Francis (Tibby) Marshall (1878-1949)


Pioneering scholar of mammalian reproduction – a most ’unrespectable’ academic subject at the dawn of the 20th century. He applied an experimental and functional, rather than the conventionally descriptive, approach to the study of reproductive physiology. Major contributor to the understanding of the reproductive cycle in female mammals, discovering the sequential ‘internal secretion’ of two ovarian products, thereby laying the foundations for the later hormonal studies of the menstrual cycle. Also pioneered the study of the impact of the environment, especially climate and light, on these internal secretions and so on fertility. Author, in 1910, of the first major and comprehensive text on vertebrate reproduction: Marshall's Physiology of Reproduction, an internationally acknowledged landmark publication, which brought together obstetric, gynaecological, veterinary and zoological observations. He was, perhaps, an unlikely expert in reproduction, being a confirmed bachelor, socially shy, with quaint and endearing mannerisms, but nonetheless always kind and courteous to students and colleagues. He was nicknamed ‘Tibby’ after his enticing salutations to College cats – for purposes unrecorded!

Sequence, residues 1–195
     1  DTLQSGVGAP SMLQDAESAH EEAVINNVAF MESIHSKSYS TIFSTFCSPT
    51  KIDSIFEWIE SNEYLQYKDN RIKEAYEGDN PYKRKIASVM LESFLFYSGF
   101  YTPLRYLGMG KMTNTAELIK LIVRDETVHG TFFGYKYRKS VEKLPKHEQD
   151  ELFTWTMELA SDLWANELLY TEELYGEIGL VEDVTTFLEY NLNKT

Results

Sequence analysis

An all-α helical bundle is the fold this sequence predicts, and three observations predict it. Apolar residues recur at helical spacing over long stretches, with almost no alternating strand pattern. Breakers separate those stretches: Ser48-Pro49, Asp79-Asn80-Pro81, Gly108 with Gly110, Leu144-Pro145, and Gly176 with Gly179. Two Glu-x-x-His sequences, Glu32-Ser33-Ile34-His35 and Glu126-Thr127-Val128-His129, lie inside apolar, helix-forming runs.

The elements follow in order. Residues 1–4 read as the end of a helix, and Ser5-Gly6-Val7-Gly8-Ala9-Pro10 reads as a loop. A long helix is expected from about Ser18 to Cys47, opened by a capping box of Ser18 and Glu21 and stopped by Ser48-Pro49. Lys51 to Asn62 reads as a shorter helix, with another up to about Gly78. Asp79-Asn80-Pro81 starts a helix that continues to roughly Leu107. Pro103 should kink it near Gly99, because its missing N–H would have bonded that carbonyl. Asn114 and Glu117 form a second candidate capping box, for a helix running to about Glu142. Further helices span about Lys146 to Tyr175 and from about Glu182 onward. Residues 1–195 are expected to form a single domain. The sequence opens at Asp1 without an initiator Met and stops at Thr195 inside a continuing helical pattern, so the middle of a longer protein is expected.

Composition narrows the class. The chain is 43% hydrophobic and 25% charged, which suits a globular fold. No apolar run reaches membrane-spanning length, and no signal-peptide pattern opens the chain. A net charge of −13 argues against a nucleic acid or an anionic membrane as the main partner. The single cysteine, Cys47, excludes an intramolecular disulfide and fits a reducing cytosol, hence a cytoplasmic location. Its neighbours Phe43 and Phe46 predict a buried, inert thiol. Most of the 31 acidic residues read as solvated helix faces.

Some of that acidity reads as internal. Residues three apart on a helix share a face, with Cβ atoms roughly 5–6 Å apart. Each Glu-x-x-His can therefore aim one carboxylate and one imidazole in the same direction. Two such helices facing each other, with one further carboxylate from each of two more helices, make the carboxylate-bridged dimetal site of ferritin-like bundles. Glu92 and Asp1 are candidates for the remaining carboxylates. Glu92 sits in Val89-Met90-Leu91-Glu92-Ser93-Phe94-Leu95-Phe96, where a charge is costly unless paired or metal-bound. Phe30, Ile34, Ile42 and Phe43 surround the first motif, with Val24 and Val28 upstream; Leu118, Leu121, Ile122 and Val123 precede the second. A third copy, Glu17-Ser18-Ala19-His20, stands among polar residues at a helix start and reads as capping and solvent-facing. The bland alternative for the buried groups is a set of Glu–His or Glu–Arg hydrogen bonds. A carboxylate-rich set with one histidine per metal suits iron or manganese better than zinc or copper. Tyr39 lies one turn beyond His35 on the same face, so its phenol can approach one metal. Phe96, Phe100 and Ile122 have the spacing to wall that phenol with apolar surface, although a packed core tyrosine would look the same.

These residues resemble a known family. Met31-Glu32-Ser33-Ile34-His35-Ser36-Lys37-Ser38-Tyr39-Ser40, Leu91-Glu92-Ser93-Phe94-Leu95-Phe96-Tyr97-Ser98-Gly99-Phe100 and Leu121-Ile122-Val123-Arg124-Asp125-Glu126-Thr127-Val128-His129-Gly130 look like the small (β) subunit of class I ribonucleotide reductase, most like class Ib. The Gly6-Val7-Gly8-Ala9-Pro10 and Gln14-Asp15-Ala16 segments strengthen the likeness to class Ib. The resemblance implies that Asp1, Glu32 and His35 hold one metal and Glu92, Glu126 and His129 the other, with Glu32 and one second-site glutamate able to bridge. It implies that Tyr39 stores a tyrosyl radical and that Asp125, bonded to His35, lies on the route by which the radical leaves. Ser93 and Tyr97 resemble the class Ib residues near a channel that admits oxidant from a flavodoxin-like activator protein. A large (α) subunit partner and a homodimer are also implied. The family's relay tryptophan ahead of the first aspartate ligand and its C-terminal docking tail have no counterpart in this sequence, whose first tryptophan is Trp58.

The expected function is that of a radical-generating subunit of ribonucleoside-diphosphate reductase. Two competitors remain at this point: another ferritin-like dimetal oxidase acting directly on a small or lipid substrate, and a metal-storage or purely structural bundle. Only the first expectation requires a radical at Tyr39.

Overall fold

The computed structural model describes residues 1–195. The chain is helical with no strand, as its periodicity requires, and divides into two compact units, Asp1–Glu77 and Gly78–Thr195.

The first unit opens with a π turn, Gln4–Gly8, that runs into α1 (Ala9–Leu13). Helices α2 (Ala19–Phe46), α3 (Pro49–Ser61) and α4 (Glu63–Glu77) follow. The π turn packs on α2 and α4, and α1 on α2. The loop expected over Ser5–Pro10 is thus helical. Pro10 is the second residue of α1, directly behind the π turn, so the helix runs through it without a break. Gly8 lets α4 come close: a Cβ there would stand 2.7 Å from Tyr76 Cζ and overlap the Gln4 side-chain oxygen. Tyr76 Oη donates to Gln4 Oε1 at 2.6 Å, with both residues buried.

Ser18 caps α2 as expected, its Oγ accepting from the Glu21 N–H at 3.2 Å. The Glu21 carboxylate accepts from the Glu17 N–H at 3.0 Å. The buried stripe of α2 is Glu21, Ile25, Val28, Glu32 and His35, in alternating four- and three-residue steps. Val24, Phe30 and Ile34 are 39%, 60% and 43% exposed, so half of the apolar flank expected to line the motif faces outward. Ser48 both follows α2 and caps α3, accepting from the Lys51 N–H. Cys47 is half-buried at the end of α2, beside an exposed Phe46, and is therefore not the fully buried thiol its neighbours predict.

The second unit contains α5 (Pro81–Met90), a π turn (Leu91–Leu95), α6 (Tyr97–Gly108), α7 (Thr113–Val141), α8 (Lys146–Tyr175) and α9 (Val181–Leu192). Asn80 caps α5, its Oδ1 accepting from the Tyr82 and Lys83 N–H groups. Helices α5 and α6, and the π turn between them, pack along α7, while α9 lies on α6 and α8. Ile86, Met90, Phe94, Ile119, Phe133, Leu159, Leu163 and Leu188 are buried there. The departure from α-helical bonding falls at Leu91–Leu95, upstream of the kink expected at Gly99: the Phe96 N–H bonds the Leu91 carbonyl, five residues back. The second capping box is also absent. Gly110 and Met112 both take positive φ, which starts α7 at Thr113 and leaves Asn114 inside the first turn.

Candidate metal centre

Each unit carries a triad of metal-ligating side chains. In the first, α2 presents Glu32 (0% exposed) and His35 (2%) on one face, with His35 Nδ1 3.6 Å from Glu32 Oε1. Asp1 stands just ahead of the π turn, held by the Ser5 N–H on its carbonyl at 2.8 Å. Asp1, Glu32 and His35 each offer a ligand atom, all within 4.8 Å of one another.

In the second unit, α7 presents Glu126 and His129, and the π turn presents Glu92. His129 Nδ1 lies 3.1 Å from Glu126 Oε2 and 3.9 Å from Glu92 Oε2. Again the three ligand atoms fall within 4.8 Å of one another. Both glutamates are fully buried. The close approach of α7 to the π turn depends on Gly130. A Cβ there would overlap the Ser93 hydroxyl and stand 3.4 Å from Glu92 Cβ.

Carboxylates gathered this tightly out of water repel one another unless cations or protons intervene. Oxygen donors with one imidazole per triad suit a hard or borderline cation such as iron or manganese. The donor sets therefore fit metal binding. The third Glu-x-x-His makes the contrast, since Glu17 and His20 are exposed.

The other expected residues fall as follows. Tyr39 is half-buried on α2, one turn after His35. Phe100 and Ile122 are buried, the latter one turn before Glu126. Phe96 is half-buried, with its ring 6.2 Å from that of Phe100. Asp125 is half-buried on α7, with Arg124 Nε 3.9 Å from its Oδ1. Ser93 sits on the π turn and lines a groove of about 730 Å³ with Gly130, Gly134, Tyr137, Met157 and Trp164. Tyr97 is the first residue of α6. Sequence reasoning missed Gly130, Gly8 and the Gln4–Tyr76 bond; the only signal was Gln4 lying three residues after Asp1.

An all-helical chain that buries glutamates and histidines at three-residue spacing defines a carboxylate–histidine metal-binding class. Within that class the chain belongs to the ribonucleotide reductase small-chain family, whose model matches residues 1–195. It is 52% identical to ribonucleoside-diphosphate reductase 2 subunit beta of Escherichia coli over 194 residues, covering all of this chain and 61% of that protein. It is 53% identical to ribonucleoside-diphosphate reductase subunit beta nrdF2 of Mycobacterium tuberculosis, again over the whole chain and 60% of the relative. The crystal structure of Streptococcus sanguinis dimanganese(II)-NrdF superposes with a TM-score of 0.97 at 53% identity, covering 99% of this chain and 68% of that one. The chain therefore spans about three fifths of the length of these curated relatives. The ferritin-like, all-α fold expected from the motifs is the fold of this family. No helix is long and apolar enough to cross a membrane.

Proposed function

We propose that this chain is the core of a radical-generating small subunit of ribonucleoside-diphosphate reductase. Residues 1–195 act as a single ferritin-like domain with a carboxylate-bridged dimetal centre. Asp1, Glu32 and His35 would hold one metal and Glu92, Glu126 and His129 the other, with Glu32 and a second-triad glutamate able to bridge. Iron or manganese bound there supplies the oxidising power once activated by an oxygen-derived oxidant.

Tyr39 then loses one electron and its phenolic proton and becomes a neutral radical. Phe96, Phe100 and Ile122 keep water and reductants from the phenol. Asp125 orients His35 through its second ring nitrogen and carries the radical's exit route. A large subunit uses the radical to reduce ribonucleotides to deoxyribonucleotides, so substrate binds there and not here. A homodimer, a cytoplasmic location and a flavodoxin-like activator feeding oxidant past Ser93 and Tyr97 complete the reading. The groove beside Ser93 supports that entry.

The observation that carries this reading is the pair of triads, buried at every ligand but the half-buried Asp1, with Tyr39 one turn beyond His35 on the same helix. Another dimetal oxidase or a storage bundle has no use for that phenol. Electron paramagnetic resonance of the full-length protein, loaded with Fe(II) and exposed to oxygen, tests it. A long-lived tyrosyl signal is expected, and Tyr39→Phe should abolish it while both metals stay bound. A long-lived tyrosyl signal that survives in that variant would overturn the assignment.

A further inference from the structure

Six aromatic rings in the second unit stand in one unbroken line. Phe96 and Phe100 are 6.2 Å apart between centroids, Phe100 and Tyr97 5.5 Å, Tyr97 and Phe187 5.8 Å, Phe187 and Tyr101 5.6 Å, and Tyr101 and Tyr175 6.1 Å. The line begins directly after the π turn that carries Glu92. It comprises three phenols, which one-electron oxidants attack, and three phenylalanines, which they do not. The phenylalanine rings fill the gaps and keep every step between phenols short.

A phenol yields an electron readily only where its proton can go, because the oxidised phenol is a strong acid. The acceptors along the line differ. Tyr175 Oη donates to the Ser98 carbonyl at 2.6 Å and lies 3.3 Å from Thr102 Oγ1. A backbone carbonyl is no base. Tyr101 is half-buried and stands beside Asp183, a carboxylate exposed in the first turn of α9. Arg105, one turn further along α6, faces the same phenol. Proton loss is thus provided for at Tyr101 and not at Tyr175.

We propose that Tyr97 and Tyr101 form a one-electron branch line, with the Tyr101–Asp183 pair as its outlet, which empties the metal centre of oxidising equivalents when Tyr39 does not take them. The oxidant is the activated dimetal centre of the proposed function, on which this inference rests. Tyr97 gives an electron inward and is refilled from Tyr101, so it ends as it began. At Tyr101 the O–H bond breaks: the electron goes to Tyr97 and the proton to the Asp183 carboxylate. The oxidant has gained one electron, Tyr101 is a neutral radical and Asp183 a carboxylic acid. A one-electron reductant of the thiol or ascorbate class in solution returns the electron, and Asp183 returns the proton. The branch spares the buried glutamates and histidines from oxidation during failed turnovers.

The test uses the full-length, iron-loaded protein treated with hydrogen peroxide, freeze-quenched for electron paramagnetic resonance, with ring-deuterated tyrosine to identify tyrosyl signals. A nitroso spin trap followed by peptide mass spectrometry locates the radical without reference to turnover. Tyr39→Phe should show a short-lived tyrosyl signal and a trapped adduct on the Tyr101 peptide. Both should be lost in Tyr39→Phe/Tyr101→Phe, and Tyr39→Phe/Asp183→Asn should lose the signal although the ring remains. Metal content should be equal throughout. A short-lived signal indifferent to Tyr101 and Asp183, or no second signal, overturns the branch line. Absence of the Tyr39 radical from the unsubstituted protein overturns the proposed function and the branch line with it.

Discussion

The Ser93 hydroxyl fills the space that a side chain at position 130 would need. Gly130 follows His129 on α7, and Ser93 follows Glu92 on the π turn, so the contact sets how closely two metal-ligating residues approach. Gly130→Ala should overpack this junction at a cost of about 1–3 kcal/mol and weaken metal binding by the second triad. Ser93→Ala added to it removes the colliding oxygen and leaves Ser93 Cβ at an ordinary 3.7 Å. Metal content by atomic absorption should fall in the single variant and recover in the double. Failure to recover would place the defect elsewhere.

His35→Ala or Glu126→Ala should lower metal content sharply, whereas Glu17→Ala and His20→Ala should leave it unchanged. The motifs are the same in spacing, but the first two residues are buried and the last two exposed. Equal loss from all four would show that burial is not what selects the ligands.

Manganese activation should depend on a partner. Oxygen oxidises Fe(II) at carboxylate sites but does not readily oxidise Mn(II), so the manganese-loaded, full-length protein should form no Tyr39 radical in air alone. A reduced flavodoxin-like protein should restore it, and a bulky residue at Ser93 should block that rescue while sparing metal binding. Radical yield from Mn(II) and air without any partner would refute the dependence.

Christ’s undergraduate (1896-1890: taking a 3rd in Part 2), Fellow (1909-1949), tutor (1912-1923), Dean (1926) and Vice Master (1939). His walking stick now accompanies the current University Professor of Reproductive Sciences on country walks!

By Professor Martin Johnson

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